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Pablo Iglesias Prada captures human evil through his expressionist works

Spanish artist Pablo Iglesias Prada seeks to capture human emotions and vice within his sinister paintings.

by Manu SharmaPublished on : Nov 28, 2020

Lately, my Instagram feed has been besotted by a ghoulish troupe, with grinning devils, glaring anthromorphs and the grotesque revelries of pop culture icons forming the procession. These familiars have been unleashed by Pablo Iglesias Prada, a painter from Gijon, Spain, and they leer and scowl at me with a visceral ferocity that simply cannot be ignored. Having encountered this artist’s work as often as I have, I feel compelled to explore his Instagram page, and, upon doing so, am entreated to a seemingly endless gallery of frightening imagery. I must know more, and undertake this interview with Iglesias’ enthusiastic involvement, so that others too may discover his fascinatingly grim oeuvre.

When asked to expand on the singular intent of his Instagram page projects, which, as his bio quite succinctly lays out, is to capture human evil in his paintings, he was happy to add that he has been “involved in the art world for more than 15 years", and has “always been interested in topics such as illness, loneliness and fear". So, as he continues, addressing the issue of evil simply represents a natural evolution of his artistic concerns. To me, as a member of his audience, this makes perfect sense, as the bleak figures Iglesias draws often seem to be informed by an emotional burden of some sort: be it sorrow, despondence, rage or one of so many others.

Untitled | pabloiprada | STIRworld
Untitled Image: pabloiprada

I was intrigued about how Iglesias applies these themes and explorations to his creative craft. His response was simple yet enlightening. He said, “like almost all artists, I don't have a rule or method when it comes to working". This was a surprising claim, but, after some thought, certainly stands as an observation I would endorse to a great degree. Whether it is in my own artistic process, or that of the many practitioners I have interacted with, the notion of a strict creative regimen is often a far cry from the chaos of inspiration that strikes when it chooses to. Iglesias continued, “I usually start my paintings automatically, letting myself be carried away by shapes and colours until something "arises" that interests me. The themes of my paintings are usually taken out of my day to day, the movies or series that I watch, the music that I listen to, the books that I read...”.

Untitled, Iglesias depicts the evil in humans | pabloiprada | STIRworld
Untitled, Iglesias depicts the evil in humans Image: pabloiprada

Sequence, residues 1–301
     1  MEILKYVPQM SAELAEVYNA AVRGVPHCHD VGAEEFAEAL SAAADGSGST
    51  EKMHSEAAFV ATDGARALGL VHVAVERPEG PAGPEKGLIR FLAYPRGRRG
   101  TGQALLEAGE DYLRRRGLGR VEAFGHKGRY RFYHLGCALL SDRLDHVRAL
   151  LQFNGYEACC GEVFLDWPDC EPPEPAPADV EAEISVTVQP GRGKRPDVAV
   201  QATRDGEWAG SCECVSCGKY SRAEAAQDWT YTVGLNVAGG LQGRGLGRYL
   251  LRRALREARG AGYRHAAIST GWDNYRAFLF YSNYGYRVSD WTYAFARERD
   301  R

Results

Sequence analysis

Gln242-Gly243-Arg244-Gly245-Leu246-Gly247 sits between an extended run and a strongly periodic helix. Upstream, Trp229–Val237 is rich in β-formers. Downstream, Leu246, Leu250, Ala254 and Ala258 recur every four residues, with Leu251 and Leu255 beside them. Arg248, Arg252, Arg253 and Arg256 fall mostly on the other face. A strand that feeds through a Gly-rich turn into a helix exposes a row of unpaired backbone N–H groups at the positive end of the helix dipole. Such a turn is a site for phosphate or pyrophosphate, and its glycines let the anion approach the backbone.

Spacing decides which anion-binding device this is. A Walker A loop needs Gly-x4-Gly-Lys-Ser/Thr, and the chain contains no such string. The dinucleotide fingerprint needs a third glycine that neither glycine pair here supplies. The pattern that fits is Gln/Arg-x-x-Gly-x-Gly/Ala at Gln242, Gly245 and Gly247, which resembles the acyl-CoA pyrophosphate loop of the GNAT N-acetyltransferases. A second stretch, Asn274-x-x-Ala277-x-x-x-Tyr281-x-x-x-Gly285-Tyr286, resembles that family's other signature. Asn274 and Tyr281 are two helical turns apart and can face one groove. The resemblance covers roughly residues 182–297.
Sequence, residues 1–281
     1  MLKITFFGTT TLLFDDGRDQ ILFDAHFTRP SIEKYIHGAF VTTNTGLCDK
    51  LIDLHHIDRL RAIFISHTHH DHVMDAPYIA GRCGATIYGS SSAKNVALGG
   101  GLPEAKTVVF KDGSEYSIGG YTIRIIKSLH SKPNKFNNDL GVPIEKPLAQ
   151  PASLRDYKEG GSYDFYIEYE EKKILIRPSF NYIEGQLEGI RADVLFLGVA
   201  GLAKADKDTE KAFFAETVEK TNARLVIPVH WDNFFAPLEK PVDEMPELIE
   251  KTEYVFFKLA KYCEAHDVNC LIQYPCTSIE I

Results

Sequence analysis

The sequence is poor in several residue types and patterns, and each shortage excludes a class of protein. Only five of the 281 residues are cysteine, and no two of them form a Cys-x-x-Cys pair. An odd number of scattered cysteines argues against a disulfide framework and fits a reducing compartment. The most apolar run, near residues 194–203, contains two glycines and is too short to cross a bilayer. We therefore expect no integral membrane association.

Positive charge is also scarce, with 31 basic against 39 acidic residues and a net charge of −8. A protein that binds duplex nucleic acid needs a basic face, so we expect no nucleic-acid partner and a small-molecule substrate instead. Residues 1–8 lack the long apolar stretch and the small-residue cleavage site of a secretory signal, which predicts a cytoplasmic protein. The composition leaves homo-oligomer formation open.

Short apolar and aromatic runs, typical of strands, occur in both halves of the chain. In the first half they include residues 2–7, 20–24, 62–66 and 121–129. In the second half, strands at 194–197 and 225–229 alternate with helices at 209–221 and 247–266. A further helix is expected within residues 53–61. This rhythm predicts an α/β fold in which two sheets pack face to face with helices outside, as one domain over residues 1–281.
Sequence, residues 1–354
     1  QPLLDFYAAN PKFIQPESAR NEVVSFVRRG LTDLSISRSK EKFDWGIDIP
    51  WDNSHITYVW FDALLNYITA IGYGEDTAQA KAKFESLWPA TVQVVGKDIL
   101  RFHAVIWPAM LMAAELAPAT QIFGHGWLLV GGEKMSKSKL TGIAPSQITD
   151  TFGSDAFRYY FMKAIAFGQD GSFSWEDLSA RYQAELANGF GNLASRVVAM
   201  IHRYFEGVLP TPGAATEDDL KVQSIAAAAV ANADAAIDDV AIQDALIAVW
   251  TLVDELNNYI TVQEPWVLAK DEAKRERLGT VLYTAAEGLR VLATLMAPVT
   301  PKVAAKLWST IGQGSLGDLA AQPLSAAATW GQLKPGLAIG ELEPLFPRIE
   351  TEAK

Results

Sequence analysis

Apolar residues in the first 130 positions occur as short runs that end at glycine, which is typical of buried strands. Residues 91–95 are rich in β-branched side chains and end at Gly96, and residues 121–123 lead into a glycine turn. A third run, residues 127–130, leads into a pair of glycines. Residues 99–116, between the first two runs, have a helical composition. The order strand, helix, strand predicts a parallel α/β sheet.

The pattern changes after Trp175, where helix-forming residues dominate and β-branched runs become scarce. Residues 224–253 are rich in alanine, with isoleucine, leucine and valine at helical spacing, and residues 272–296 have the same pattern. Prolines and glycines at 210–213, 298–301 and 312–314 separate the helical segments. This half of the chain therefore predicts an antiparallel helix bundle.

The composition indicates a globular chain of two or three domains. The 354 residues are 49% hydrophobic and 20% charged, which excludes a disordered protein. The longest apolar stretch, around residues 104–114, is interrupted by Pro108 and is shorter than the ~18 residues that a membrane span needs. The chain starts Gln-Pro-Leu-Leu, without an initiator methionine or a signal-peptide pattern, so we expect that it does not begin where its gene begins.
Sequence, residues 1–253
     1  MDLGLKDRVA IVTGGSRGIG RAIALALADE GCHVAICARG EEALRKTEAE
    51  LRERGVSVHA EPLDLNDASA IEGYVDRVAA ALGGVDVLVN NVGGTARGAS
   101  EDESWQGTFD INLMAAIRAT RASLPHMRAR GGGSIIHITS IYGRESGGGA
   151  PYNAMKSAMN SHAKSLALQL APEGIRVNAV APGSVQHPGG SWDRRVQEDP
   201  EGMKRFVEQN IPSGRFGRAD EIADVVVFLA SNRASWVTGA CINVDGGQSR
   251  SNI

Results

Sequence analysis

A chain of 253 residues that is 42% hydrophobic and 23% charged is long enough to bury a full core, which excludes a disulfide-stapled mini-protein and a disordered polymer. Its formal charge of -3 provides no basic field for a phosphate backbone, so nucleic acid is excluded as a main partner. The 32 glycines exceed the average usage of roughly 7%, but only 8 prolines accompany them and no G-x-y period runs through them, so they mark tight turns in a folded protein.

His thematic influence and creative process had been instrumental in drawing me in, and captivating me; that being the resemblance it bears to the visual artistry I have seen splashed across album covers for extreme music acts for many years now. He agreed that this was a fair comparison to draw, and wrote back to me with this: “you are not at all misguided, you are very right. I love extreme music and I have always noticed the work of artists like Larry Carroll or Pushead. They are a great influence on me.” In my mind, I had drawn a comparison between his work and that of Aaron Turner, specifically Turner’s artwork for the 2008 remaster of American Hardcore Punk outfit Converge’s album Petitioning the Empty Sky. However, the artist’s he mentioned seem far more apt, considering how long Iglesias has been creating art, with Carroll and Turner having worked with older thrash bands such as Slayer and Metallica.

Untitled, his works are deeply expressionist | pabloiprada | STIRworld
Untitled, his works are deeply expressionist Image: pabloiprada

Continuing with Pablo Iglesias Prada’s involvement in creative subcultures, I had noticed two skateboard deck designs by the artist while visiting his Instagram page. Upon closer inspection, I came to understand that these were contest entries he had submitted to a competition held by Creature Skateboards, a skating brand known for its horror and heavy metal aesthetic, and Juxtapoz Art and Culture Magazine, which is a popular print and digital publication. I asked Iglesias to tell me more about his involvement with skateboarding, and with this competition in particular, “as a young man I was a skater and, as in music, the aesthetics within skateboarding have always seemed wonderful to me. A friend told me about the Creature + Juxtapoz contest and I decided to present myself with a couple of proposals but there was no luck. The level of designs was very high, there were many people who well deserved to win the contest,” he says.

Untitled, Iglesias works without pre conceived plans | pabloiprada | STIRworld
Untitled, Iglesias works without pre conceived plans Image: pabloiprada

When I asked him what direction he envisioned his work moving in, he responded with the joyful nonchalance that is typical of those who create art primarily out of a love for the craft itself. In his own words, “I do not set great goals as an artist since the most important thing for me is to enjoy the creative process at all times, since it is really what I like. In the future, I hope to continue working on what I like, which is already a lot.”

Untitled | pabloiprada | STIRworld
Untitled Image: pabloiprada

Pablo Iglesias Prada can be found as pabloiprada on Instagram, where he regularly posts new artworks and enthusiastically engages with his large fan base.

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